reply to post by NovusOrdoMundi
What I'm getting at is the extreme difficulty that a reformer would face as president.
I begin with the premise that the qualities to look for in a president can be broadly defined under two categories: Leadership/Management strengths,
and Policy/Ideology strengths.
The first type:
Some candidates come in with a genius for organization and management, and they surround themselves with people who are brilliant in particular
fields- the arrangement becomes that the cabinet generates good policy and the president spearheads the process of realizing that policy.
Many such candidates are generals.
The Great Ones
George Washington and John F Kennedy did well because they had this quality.
Franklin Pierce (a direct ancestor of G-Dub, on his mom's side) was a uniter and a divider- his was the only cabinet in history
to stay intact for a whole term, even though they were not ideologically unified. Like Dubya, he was elected because people wanted to have a beer with
him (unlike dubya, he never denied his love of beer). Unfortunately, people later found out that they hated his guts because he was pro slavery and
was considering taking Cuba by force. The moral of the story is that you can't ignore ideology because the candidate seems to be a good leader.
Wesley Clark would probably be this kind of president. So would Rudy Guilliani. That's not to say they'd be as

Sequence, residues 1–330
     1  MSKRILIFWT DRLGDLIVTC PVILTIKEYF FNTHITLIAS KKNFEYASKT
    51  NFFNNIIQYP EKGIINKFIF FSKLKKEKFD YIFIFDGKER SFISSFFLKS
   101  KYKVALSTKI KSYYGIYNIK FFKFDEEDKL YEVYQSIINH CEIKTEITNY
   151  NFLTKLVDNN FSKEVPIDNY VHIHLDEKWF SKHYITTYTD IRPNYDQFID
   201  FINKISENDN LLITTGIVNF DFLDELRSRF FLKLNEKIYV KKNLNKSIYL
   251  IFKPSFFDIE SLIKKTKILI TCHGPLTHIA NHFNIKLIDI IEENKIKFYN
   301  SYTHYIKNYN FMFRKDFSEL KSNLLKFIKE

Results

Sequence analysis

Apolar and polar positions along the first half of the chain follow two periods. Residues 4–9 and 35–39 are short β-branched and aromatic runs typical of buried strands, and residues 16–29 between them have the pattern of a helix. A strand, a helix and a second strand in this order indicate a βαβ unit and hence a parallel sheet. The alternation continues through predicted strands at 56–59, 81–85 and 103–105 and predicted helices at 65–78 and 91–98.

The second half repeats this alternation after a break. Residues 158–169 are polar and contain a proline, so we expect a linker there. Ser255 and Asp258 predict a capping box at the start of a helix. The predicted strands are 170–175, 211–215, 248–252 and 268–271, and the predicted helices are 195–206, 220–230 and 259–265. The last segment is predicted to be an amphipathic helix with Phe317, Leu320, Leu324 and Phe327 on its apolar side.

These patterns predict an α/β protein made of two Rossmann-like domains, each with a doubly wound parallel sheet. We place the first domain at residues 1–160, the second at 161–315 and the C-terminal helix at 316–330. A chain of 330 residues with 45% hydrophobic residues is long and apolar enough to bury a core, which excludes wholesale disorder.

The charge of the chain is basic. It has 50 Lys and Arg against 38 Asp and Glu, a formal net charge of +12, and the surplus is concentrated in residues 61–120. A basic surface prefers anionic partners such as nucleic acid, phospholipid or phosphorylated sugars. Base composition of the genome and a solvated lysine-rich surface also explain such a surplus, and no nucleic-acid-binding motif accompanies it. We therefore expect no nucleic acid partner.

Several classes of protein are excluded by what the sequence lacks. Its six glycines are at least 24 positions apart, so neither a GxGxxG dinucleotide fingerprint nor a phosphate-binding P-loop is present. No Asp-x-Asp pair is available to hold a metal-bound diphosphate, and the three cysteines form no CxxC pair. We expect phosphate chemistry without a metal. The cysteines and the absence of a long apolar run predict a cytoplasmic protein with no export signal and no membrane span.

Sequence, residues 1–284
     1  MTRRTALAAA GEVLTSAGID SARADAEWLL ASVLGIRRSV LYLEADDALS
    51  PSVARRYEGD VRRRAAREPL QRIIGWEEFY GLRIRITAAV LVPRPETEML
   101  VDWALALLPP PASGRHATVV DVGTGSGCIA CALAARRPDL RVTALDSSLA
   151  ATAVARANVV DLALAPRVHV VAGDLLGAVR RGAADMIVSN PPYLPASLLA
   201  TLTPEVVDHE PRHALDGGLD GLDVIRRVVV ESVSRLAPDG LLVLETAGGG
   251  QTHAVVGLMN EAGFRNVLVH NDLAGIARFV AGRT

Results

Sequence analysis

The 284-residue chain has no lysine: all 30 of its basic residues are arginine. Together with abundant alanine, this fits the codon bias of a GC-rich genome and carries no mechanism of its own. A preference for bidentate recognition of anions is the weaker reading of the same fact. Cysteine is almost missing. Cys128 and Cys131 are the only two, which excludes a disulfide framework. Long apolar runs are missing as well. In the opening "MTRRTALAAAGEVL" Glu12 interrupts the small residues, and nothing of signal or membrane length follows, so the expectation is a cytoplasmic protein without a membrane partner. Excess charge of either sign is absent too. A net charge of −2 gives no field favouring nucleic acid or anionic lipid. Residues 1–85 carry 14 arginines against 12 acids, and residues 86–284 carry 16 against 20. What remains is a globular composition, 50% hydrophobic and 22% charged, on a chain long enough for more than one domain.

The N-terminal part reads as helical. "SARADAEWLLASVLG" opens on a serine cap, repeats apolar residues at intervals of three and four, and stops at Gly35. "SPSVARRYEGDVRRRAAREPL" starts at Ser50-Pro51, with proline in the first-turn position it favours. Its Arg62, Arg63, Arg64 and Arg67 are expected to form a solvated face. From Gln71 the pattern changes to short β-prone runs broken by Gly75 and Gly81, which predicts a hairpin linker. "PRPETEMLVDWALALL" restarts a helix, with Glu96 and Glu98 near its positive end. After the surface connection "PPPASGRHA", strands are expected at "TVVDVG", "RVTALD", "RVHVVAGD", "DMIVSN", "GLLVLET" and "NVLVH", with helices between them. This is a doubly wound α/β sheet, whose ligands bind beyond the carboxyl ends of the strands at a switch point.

successful as Washington or Kennedy though- just predominately reliant on the same broad attributes.
Didn't have it
Lacking this quality was a detriment to Lincoln- it made the search for the right general to defeat Lee a long one (for a while
Lincoln was studying military history and considering personally taking command of the Army of the Potomac). Lincoln's inability to centrally control
his own administration and fill it with the right kind of people also caused his vision of reconstruction to die with him.
The second type:
Experts and Idealists
Other candidates come in with a conviction of what the right policies are, and they need to surround themselves with people who can help them get it
done. The President devises policy and the battle to implement it is somewhat annonymous, occuring largely behind closed doors.
The Great Ones